Employment & Labour, Mediation

The spouse’s role in employment mediation

By Linda Barnard, AdvocateDaily.com Contributor

The best place for a plaintiff’s spouse during employment mediation is at their partner’s side, Toronto employment mediator and arbitrator Barry B. Fisher tells AdvocateDaily.

“These are family decisions, not individual choices,” says Fisher, principal of Barry Fisher Arbitration & Mediation. “In most families, income or lack thereof is a pretty important issue.”

“Often, the spouses don’t show up, and perhaps they think they’re not allowed to,” Fisher says. “I would encourage the plaintiff’s lawyer to advise their clients that the spouse is more than welcome, and it might even be helpful.”

Fisher says he never asks permission to have someone there to support the plaintiff during a mediation process.

“I’ve never had anyone balk beyond one or two questions,” he says. “I take the position that within reason, each side gets to decide who’s in the room.”

It doesn’t have to be a spouse — an adult child, close friend, or someone who can help with translation if there is a language barrier can provide the emotional support a client needs, Fisher says.

“It’s part of self-determination in a mediation,” he says.

Having a support person in the room can smooth the process, Fisher adds. Mediators often only want the “nice spouse” there, one who will encourage a deal.

“I want them whether they’re nice or not,” he says.

When it comes to a domineering or difficult spouse, Fisher's theory is, “I want them in the room even more.” Having someone a phone call away at decision time when the plaintiff wants input slows the process.

“If I’m going to have a problem, I want everyone in the same room, so we can work it out,” Fisher says.

Relationship dynamics and individual temperament affect how spouses behave during mediation. The husband or wife can be the one that leads their partner to accept or reject a settlement.

Fisher meets the plaintiff and their partner for the first time during mediation.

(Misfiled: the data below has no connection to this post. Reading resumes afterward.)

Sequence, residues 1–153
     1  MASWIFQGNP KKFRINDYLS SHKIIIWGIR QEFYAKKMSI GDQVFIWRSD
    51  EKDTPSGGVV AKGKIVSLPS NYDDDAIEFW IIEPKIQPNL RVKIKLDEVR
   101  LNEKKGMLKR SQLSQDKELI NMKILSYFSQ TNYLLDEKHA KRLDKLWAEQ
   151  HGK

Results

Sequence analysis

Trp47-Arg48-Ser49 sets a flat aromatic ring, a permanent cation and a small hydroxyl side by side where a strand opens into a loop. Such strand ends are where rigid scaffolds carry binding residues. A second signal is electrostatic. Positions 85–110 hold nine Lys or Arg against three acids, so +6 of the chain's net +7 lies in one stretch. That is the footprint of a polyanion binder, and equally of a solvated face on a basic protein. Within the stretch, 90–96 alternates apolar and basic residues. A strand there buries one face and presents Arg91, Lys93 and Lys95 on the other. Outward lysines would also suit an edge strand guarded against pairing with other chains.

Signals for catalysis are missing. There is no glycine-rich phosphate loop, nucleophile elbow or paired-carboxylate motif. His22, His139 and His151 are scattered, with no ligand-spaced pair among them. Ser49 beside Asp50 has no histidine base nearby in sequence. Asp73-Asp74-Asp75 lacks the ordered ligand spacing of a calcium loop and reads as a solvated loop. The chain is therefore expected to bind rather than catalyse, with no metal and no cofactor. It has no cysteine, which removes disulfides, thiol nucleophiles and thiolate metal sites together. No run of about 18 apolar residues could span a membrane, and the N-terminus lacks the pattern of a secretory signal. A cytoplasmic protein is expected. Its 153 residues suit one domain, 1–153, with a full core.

“I have three or four hours and that’s why I spend a fair amount of time in the beginning just bonding and asking questions. You learn things that really matter,” he says.

He encounters distinct personality types among spouses.

The best person from a mediator’s point of view is a helpful spouse who voices an opinion and has resolution as a goal. The plaintiff sometimes feels a need to fight for family, Fisher explains.

“They need permission from the partner to let go,” he says.

The spouse Fisher finds least helpful is not a combative spouse, but one who automatically defers to their partner, won’t voice an opinion and “thinks his or her role is to give no guidance. We all want guidance.”

He likens the mediation process to what he often did as an employment lawyer, telling clients he’d continue to fight for them if they were unhappy with an offer, or supporting the decision if they decided to accept.

“It’s providing the person with support, not giving up and saying, 'Whatever you want,'” Fisher says.

He asks the indecisive spouse to consider what they’d do if they were the one who had been terminated.

“It’s the job of the mediator to turn it around,” Fisher says.

“Timing is important,” says Fisher, who involves the spouse to provide support and input at “crunch time,” when the final offer is made “and I think it’s the best deal he’s going to get that day.”

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